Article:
Archived Story

The flight of a May honeybee leads to red-headed woodpeckers

Published 9:00am Sunday, June 8, 2014

Nature’s World by Al Batt

My neighbor Crandall stops by.

“How are you doing?” I ask.

“Everything is nearly copacetic. I’m thinking of getting organized, but it’s a difficult task because I’m still not too lazy to look for things. I thought I’d broken a couple of ribs, but my doctor told me to loosen my belt and I’m fine now. I held the door open for the town mime. That was a nice gesture on my part. I called a patent lawyer about my latest invention — bacon-flavored toothpaste. His office told me that I’m not just a number there. I’m two numbers, a dash, three more numbers, another dash and yet another number. That was reassuring. He has a black belt in billing and is mean enough to steal swill from a blind hog. On my way to his office, I had three cups of strong coffee and a bran muffin the size of my head before becoming stuck in heavy traffic. That was enough stress to make a puppy pull a freight train. Oh, I need to thank you.”

Baby great horned owls sit in a nest. – Al Batt/Albert Lea Tribune
Baby great horned owls sit in a nest. – Al Batt/Albert Lea Tribune

“For what?” I ask.

“Remember when I asked you if I could help you fix your fence? And you said, ‘No, but I appreciate your offer.’”

“I remember,” I say.

“Well, I appreciate you saying ‘no.’”


An education of owls

Kelly Preheim of Armour, S.D., is a kindergarten teacher and a birder. Kelly may have been spending a lot of time talking to her kindergarten class about birds. When she asked her students if they could name the five vowels, one boy answered, “Great horned owl, barred owl, screech owl…”


Nature by the yard

A bee buzzed by me on a late May day. It wasn’t a bumblebee. I find bumblebees on flowers and pet them. Maybe you shouldn’t. They don’t seem bothered by it. The bee that flew past was a honeybee, a definite May bee. I followed it with my eyes to the bird feeders festooned with feathered creatures. I heard two red-headed woodpeckers doing “churr” calls. Sometimes called a “flag bird,” the red-headed woodpecker was the “spark bird,” the bird that initiates a person’s interest in birds, of the legendary ornithologist Alexander Wilson in the 1700s. I watched the woodpecker pair chase one another through the yard. I used the five senses I have to enjoy their presence, plus a couple of other senses that I’d borrowed. I thought of Betty Smith’s quote, “Look at everything as though you were seeing it either for the first or last time. Then your time on earth will be filled with glory.”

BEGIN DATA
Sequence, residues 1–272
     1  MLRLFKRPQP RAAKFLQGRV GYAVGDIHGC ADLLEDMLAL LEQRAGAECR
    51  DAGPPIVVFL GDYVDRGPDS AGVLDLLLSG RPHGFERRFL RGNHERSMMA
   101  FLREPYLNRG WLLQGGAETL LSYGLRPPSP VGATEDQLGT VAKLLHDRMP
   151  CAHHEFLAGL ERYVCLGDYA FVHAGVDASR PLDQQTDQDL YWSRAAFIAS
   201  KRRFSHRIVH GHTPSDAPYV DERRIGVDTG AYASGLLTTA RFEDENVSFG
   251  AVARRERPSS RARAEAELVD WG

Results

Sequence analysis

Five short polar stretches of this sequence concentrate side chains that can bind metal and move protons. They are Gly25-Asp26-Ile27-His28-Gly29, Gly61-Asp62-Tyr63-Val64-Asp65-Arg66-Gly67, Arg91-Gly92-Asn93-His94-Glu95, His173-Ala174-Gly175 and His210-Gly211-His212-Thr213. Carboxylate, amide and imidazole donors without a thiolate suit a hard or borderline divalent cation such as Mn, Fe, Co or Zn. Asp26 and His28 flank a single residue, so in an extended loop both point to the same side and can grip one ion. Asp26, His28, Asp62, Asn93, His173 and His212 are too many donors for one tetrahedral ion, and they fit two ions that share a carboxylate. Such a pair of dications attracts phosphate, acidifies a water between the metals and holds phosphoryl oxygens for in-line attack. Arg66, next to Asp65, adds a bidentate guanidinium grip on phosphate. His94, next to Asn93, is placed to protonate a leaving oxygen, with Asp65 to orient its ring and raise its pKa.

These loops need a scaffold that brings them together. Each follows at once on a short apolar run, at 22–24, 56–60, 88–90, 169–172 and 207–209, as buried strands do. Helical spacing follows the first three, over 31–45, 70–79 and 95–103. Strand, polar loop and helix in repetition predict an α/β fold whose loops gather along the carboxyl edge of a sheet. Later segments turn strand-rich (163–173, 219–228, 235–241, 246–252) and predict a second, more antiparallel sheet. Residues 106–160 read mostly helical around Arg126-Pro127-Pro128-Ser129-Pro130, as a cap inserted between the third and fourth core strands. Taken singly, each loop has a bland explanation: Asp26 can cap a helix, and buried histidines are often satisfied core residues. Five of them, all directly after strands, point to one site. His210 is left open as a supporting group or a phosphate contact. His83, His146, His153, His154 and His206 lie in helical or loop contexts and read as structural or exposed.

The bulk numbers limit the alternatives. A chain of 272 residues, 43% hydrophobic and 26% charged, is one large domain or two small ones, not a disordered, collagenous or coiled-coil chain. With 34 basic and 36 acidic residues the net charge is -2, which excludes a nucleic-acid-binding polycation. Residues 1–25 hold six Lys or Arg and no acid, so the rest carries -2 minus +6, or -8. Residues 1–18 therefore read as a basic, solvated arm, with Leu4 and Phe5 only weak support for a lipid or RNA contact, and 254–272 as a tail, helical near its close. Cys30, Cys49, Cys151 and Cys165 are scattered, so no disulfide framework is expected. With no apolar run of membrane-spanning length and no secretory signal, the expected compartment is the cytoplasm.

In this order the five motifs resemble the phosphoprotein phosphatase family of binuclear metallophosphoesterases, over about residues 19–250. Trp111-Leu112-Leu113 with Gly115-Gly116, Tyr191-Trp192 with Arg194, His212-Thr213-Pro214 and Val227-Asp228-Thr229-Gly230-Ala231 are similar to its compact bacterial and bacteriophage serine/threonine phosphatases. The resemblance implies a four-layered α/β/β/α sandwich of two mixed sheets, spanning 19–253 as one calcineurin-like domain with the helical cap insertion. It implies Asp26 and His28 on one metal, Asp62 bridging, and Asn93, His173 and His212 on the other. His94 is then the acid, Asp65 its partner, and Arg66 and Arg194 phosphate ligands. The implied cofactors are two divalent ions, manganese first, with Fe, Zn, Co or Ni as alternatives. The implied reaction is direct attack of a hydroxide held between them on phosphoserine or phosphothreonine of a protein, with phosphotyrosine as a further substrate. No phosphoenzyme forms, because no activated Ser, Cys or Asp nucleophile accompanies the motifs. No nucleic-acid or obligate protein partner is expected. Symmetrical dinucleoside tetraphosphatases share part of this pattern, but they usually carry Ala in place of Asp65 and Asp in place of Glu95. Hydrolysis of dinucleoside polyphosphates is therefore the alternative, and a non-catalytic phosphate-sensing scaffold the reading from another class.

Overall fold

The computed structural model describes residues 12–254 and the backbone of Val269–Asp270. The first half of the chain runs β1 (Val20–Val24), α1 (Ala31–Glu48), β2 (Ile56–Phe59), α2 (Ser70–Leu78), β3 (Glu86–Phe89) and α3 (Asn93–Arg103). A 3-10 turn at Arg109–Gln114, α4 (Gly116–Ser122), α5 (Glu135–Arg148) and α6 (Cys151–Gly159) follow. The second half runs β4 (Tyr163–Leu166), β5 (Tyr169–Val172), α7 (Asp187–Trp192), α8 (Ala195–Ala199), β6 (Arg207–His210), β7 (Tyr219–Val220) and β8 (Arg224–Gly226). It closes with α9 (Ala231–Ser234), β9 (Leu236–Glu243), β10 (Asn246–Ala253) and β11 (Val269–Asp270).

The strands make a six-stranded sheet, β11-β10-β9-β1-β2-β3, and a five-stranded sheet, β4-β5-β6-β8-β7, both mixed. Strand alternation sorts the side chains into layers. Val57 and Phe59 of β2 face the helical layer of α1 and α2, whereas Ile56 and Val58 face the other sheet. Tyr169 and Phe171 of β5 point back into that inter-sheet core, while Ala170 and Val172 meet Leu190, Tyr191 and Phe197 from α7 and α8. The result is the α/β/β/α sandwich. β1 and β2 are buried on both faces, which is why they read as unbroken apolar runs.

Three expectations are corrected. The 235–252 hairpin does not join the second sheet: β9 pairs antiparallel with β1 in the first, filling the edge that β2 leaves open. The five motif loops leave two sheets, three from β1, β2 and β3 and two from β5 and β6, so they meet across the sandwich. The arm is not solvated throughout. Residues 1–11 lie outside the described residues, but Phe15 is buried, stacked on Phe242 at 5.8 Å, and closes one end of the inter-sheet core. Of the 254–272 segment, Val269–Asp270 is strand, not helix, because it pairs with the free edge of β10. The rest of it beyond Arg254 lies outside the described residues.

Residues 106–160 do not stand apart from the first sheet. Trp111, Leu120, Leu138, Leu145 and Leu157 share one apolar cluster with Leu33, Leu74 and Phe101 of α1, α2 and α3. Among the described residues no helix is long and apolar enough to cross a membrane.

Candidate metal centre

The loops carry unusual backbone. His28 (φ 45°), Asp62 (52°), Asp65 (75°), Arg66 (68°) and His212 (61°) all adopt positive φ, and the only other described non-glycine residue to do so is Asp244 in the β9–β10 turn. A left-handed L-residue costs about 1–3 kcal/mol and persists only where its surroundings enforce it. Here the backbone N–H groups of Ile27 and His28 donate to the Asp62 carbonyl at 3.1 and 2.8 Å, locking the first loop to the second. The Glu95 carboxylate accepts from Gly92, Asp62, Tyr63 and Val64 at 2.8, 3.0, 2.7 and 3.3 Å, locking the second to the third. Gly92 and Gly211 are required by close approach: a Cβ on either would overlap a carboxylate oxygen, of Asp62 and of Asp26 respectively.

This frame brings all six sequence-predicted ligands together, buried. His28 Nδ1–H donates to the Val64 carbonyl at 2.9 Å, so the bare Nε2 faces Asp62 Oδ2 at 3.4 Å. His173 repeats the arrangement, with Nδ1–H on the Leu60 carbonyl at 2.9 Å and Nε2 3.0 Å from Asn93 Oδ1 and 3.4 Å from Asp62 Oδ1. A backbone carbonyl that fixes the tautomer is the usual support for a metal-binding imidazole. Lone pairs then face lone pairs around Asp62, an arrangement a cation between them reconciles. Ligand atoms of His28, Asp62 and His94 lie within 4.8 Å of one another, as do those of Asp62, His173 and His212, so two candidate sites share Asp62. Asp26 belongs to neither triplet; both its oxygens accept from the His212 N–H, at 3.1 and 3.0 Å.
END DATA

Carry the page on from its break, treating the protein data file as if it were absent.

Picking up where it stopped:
“What kind of a plant is a ramp?” Ramps are wild leeks, pungent members of the lily family. They form dense stands in rich damp forest soils. If you find trillium, bloodroot or mayapple, it’s an area where you’d expect to find wild leeks. They grow rapidly for a short time in the spring. Leeks were once considered a tonic after months of cold winter weather without fresh vegetables. They are an excellent source of vitamin C. I visited West Virginia and folks told me that they were excited about feasting on the ramps. As a boy, I happily slapped a blade from a wild leek onto a hotdog. The odor lingered on my breath for days. That was OK, as it kept the girls away. As I grew older, I quit eating wild leeks because they kept the girls away. They might be a natural form of birth control. If a man eats enough wild leeks, no woman would come near him.

Joyce Street wrote, “What do you call a batch of grackles? I know it’s a ‘murder’ of crows, ‘bevy’ of quail and ‘flock’ of turkeys. Is there some special designation for grackles? A ‘strut’ would seem appropriate.” A flock is most common. The only other thing that I have heard a group of grackles being called is a “plague.”

Donna Swenson of Waseca asked when mallards start flying. A mallard hen lays one egg per day and produces between one and 14 eggs. She incubates the eggs for about 26 to 28 days. She leads her brood to a wetland within 24 hours of hatching and stays with them until they are able to fly at about 8 weeks of age.

Jeanie Siewert of Albert Lea asked at what point in the year could one safely live-trap raccoons without worrying that their young might be left orphans. The mating season is February to March and there is a 63-day gestation period. Once they reach four to six months of age, raccoons live on their own.


Nature lessons

I am thankful that the pilgrims opted for the turkey instead of the opossum. Otherwise, we’d be stuffing opossums every Thanksgiving. The opossum got its name from Capt. John Smith of the Jamestown colony in Virginia in the 1600s. The name is derived from aposoum, an Algonquian word meaning “white beast.”

In 1995, an Argentine biologist banded red knots in Tierra del Fuego. One was labeled B95. Each year, B95 makes a roundtrip of 18,000 miles from Hudson Bay in the Canadian Arctic to the tip of South America. Eighteen years later, he was still being spotted along his migration route. The average distance to the moon is 238,857 miles. This 4-ounce shorebird had flown at least 324,000 miles in his life. That equals a flight to the moon and a good start back.

The Waterford, Wis., Village Board voted to partially close a street to help frogs safely cross the road.


Pelican Breeze

It’s my pleasure to host a float on the boat on Albert Lea Lake on Friday, June 20; Friday, July 25, and Saturday, Aug. 23. To book a seat, please call the Albert Lea CVB at 507-373-2326 or 800-345-8414. I’d treasure your presence.


Thanks for stopping by

“Eagles may soar, but weasels don’t get sucked into jet engines.” — John Benfield

“Few things in the world are more powerful than a positive push. A smile. A world of optimism and hope. A ‘you can do it’ when things are tough.” — Richard M. DeVos


Do good.


Al Batt of Hartland is a member of the Albert Lea Audubon Society. Email him at